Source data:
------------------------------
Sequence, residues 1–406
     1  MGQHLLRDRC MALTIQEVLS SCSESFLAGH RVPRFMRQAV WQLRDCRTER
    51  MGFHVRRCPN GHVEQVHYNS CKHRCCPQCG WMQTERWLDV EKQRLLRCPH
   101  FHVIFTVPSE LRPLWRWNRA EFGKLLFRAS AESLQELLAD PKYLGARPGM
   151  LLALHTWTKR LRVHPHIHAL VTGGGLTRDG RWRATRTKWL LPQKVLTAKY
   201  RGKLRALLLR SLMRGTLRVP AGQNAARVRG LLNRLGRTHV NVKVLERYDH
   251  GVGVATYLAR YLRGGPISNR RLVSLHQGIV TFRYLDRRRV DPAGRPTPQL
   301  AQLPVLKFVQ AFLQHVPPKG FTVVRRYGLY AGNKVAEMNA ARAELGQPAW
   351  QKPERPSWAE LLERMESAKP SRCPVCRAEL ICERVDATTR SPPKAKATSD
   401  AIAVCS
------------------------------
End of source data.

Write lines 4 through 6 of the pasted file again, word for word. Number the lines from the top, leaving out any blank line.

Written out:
   101  FHVIFTVPSE LRPLWRWNRA EFGKLLFRAS AESLQELLAD PKYLGARPGM
   151  LLALHTWTKR LRVHPHIHAL VTGGGLTRDG RWRATRTKWL LPQKVLTAKY
   201  RGKLRALLLR SLMRGTLRVP AGQNAARVRG LLNRLGRTHV NVKVLERYDH